Archipelago Revillagigedo | March 2018

Added by Steven Backerman from his trip to Archipelago Revillagigedo in March 2018

Archipelago Revillagigedo lies about 250 nautical miles to the south of Cabo San Lucas.  While it is often colloquially referred to as Socorro Islands, Isla Socorro is but one of the 4 islands that make up the archipelago, the other three being Isla Clarion, Isla San Benedicto and Roca Partida. 

Isla Clarion is significantly far from the other three and our diving was confined to San Benedicto, Socorro and Roca Partida.

While there are a number of live-aboard boats that visit the archipelago, I used Rocio del Mar, boarding on a Sunday morning for the approximately 26 hour boat ride to San Benedicto. 

The long, open water boat ride was pretty non-eventful, though the waves and rollers were unpleasant for some.  I definitely recommend bringing along whatever anti-seasick medication you find that works.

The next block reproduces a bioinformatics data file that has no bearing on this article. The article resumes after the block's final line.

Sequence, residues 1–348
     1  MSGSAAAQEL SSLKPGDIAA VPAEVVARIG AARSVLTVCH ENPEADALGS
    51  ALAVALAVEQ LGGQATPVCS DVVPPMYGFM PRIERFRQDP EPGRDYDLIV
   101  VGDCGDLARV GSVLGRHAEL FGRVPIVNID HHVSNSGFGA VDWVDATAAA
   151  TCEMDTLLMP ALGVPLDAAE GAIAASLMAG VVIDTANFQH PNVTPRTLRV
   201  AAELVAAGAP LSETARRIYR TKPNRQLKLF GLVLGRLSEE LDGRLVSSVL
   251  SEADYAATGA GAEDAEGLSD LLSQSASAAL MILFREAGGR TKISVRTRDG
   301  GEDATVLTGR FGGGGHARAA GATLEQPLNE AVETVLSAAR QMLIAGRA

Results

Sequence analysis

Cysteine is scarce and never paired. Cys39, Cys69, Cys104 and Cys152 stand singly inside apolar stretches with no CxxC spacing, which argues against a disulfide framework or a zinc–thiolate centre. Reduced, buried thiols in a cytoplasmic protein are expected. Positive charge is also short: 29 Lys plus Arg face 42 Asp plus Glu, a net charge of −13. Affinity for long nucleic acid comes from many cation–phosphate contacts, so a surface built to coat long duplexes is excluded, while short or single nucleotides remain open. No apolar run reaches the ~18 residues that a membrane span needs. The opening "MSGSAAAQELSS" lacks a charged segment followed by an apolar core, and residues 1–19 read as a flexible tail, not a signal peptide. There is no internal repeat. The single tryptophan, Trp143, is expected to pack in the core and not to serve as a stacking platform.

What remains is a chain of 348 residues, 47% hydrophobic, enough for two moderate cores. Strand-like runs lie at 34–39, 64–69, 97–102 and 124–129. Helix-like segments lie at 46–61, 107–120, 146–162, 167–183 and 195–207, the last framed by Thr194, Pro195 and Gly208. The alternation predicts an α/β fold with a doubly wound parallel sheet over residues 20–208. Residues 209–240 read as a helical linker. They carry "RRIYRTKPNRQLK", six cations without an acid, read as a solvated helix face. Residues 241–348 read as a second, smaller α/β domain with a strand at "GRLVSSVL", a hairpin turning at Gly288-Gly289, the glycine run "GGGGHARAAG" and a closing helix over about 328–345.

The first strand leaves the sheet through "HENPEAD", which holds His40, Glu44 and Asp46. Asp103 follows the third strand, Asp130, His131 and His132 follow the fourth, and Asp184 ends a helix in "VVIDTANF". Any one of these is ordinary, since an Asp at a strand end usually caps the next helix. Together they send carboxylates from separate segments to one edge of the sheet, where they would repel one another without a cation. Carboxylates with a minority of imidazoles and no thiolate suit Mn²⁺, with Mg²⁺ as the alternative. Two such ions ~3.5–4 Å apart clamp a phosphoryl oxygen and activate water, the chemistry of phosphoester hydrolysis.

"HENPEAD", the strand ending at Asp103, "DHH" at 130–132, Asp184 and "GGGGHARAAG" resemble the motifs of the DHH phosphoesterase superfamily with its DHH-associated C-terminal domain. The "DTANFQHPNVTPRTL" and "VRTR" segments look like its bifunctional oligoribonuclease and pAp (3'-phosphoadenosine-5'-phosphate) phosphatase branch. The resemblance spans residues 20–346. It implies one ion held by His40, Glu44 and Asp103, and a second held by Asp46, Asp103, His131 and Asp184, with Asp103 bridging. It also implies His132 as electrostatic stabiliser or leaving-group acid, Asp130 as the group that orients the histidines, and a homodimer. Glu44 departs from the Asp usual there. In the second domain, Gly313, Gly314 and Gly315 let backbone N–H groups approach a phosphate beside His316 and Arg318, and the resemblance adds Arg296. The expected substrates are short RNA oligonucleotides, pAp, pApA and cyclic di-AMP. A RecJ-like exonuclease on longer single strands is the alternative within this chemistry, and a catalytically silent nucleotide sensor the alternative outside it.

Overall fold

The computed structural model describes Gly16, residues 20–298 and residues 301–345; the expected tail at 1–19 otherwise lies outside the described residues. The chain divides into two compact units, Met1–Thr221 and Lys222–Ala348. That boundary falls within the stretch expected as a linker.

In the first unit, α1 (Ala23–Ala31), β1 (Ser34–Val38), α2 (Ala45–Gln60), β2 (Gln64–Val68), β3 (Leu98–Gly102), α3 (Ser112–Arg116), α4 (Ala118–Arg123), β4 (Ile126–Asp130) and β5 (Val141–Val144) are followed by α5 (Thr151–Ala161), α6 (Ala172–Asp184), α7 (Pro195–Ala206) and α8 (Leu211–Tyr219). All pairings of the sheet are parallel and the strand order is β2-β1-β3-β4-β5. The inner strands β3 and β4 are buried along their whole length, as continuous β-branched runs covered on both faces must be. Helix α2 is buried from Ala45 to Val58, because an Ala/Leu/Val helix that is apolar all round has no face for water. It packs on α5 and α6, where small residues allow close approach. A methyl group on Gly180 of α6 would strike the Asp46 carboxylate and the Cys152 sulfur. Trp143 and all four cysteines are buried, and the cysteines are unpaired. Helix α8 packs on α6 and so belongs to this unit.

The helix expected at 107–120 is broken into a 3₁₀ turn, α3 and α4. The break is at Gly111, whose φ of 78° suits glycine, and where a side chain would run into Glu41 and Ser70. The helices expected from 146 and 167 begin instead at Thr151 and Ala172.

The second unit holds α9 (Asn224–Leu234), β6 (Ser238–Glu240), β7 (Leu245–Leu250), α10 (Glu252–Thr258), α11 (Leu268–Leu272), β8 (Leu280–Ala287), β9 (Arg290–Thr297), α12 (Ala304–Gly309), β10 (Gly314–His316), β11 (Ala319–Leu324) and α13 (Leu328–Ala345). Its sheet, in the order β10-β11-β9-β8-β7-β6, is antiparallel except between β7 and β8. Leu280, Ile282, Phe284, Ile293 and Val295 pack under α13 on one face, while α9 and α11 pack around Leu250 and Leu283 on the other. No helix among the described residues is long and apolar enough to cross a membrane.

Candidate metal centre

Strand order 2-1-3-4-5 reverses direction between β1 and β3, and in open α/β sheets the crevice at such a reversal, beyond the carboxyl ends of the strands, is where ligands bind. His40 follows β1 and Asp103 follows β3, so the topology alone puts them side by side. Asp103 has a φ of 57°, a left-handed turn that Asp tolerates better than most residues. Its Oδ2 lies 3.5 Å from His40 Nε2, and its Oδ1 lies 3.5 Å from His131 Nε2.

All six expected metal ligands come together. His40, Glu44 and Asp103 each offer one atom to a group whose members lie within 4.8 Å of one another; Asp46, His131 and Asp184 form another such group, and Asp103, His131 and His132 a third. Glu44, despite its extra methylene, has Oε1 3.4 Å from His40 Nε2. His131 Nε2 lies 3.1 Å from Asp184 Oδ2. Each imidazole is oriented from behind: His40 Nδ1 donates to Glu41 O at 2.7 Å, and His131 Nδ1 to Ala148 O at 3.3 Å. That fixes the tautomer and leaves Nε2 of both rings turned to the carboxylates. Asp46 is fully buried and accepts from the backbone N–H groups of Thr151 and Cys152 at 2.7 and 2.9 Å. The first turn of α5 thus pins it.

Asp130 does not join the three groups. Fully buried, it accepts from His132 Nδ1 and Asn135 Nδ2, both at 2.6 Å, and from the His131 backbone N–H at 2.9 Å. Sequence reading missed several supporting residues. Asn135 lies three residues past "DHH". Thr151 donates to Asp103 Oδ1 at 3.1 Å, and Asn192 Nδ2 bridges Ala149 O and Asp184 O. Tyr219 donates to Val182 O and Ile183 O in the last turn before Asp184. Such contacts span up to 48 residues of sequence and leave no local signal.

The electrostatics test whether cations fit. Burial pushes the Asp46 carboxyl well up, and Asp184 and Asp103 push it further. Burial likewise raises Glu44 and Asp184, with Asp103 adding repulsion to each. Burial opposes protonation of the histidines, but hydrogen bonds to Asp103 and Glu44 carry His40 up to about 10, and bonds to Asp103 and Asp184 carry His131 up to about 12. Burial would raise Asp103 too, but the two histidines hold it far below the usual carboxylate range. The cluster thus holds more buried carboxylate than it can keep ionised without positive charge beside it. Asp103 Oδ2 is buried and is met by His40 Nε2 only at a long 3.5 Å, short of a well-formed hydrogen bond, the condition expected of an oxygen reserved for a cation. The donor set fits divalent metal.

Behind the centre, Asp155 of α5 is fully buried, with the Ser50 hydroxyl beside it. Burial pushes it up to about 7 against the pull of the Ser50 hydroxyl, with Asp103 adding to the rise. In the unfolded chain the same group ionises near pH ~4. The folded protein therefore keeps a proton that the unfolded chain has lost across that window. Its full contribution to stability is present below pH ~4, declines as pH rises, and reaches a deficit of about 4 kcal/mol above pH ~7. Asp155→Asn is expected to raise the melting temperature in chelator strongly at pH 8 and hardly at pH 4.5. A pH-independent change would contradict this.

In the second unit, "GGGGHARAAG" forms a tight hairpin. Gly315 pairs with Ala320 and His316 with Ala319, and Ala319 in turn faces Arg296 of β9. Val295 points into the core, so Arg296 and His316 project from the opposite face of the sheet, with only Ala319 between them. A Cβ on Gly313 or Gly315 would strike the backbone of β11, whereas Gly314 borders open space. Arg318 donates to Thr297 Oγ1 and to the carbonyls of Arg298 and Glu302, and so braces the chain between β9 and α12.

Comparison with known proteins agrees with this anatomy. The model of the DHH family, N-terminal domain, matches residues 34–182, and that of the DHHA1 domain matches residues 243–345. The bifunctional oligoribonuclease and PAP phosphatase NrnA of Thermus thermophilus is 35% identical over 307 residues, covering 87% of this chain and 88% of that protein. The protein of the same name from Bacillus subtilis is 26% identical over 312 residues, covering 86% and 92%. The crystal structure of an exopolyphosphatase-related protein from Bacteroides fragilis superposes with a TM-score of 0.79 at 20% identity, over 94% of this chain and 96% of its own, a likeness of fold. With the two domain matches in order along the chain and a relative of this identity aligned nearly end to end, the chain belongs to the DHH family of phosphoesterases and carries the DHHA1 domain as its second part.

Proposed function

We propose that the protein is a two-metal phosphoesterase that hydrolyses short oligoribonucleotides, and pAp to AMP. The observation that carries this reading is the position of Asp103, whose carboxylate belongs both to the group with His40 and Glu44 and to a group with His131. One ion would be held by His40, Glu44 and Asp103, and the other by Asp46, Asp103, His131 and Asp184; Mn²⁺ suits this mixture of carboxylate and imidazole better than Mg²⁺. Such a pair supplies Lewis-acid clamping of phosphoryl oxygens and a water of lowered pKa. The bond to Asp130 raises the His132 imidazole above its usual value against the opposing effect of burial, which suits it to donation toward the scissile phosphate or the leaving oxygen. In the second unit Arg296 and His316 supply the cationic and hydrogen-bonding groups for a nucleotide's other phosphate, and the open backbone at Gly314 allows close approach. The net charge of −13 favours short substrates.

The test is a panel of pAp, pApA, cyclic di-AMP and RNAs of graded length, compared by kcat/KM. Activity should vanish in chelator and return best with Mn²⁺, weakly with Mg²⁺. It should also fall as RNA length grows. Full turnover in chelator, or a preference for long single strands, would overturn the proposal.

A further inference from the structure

And, before I discuss the diving and dive sites, let me say this:  Rocio del Mar is a first-rate operation.  The 10 crew consist of 3 Dive Masters, 2 zodiac/panga drivers, the captain, a steward, an engineer, the chef and his assistant.  The service is impeccable.  There are 10 passenger berths, holding 2 people each, with a bathroom per berth.  The bathrooms are cleaned daily and the beds made daily.  Towels are provided.

The food is plentiful, varied and super delicious.  You won’t go hungry and, despite an average of 3 challenging dives each day, you might even find that you gain weight.  The all-you-can-eat includes all of the wine and beer you may want, though once you have your first sip of alcohol, your diving is done for the day.

The 20 divers were divided into three groups and the sequence of groups to be first to dive each day rotated each day.  The first dive was typically around 8 am, the 2nd dive around 10:30 am and then a mid-afternoon dive.  There is no night diving allowed for safety reasons.